Election Day: Having time off to vote
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Johnny C. Taylor Jr., a human-resources expert, is tackling your questions as part of a series for USA TODAY. Taylor is president and CEO of the Society for Human Resource Management, the world’s largest HR professional society.
Should employers offer paid time off to vote?
With the midterm elections approaching, you might have a question about your ability to take time off from work to go to the polls.
The promising news is that 44 percent of employers offer their workers paid time off to vote. This is a slight increase over last year and a reflection that more employers are proactively encouraging their employees to vote. In addition, 29 percent offer unpaid time off beyond what is required by state law.
The answer also might depend on what state you live in. Time off to vote is not mandated by federal law, but most states have voter-leave laws, although they vary widely. Some prevent employers from discouraging employees to take time off to vote, while others require employers to provide paid time off.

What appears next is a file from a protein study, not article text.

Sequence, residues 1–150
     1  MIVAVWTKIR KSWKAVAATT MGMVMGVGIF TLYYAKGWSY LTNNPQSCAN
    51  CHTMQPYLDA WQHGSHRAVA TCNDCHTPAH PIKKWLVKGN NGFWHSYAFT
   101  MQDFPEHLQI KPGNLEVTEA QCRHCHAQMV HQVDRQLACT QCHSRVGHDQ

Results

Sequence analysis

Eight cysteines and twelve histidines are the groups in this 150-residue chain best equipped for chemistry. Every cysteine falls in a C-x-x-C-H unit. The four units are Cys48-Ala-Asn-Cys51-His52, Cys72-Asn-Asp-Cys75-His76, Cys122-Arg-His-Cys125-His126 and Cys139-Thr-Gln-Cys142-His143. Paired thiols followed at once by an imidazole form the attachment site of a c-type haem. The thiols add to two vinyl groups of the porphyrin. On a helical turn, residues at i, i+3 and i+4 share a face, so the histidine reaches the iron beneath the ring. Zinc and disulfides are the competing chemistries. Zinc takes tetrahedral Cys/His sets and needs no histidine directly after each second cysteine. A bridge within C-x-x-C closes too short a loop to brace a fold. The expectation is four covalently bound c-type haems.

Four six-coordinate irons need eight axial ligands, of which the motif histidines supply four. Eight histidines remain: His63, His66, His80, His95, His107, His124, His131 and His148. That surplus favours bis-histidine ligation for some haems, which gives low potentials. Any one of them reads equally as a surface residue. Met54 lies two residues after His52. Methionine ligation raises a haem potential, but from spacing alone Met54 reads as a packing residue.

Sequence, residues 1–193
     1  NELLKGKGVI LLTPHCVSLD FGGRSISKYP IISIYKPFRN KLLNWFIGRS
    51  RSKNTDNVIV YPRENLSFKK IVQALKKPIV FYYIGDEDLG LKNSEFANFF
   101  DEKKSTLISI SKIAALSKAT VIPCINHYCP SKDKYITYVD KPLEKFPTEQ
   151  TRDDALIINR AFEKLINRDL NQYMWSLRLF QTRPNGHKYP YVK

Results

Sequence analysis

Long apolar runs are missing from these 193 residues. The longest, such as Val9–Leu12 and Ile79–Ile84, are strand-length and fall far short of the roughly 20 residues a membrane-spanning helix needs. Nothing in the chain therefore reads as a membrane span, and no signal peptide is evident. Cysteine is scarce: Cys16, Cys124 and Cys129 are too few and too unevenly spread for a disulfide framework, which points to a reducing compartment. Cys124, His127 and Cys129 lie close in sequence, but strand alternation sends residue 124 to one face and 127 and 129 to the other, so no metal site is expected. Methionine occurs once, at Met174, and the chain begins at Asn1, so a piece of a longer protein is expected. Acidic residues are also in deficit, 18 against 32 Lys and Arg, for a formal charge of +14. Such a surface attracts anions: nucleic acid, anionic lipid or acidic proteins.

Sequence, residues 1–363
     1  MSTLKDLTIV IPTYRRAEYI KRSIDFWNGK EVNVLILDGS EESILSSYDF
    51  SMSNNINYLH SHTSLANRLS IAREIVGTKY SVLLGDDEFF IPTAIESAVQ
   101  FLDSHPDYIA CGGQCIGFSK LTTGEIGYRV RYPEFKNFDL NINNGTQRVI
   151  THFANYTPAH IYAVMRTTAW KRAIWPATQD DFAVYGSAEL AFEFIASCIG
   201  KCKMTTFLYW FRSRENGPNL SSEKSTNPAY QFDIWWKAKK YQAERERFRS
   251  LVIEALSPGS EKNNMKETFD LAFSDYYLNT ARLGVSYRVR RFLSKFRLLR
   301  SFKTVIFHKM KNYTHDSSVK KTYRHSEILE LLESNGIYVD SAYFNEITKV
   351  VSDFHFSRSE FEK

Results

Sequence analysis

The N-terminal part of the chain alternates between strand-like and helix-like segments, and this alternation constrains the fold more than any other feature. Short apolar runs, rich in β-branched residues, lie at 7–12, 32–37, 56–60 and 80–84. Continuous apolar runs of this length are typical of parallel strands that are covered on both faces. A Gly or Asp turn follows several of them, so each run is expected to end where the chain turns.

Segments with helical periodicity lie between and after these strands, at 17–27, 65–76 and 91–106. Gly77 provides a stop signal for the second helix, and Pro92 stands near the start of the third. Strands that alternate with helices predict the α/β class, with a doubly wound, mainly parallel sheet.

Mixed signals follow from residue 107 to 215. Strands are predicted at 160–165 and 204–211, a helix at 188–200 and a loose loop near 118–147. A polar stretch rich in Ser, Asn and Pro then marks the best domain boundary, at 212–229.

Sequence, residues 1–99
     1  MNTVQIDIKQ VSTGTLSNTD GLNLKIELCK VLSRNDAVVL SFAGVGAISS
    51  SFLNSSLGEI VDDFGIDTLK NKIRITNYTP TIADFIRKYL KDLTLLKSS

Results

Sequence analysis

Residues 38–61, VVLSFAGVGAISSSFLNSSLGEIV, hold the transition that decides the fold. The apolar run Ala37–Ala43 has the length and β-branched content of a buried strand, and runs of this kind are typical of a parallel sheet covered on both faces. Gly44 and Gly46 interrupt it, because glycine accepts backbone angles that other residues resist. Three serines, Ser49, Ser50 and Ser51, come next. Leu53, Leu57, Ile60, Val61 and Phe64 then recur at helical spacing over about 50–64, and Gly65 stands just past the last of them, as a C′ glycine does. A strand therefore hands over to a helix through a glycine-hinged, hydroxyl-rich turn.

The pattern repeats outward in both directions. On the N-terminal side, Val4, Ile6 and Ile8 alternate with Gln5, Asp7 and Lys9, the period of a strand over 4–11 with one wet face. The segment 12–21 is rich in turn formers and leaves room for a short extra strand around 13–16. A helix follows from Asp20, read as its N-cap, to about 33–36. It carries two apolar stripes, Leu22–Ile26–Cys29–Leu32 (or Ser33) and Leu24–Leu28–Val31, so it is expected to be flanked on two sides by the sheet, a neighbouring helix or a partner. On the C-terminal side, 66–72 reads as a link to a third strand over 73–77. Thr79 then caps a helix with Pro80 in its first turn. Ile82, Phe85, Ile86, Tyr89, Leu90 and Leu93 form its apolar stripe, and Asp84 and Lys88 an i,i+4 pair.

In some states, the law outlines whether employers can designate the hours to be taken off to vote. In other places, it defines how much notice employees must provide to their employer about their intention to take voting time off.
Illinois law allows every employee who is entitled, after giving notice, to two hours off work, provided that the employee’s working hours begin less than two hours after the opening of the polls and end less than two hours before the closing of the polls.
In California and New York, for example, employers are required to post employee voting rights in the workplace in advance of Election Day.
No matter where you live, I encourage you to check your company policy or state law and talk with your supervisor in advance if you need time away from work to cast your ballot.
The questions are submitted by readers, and Taylor’s answers below have been edited for length and clarity.
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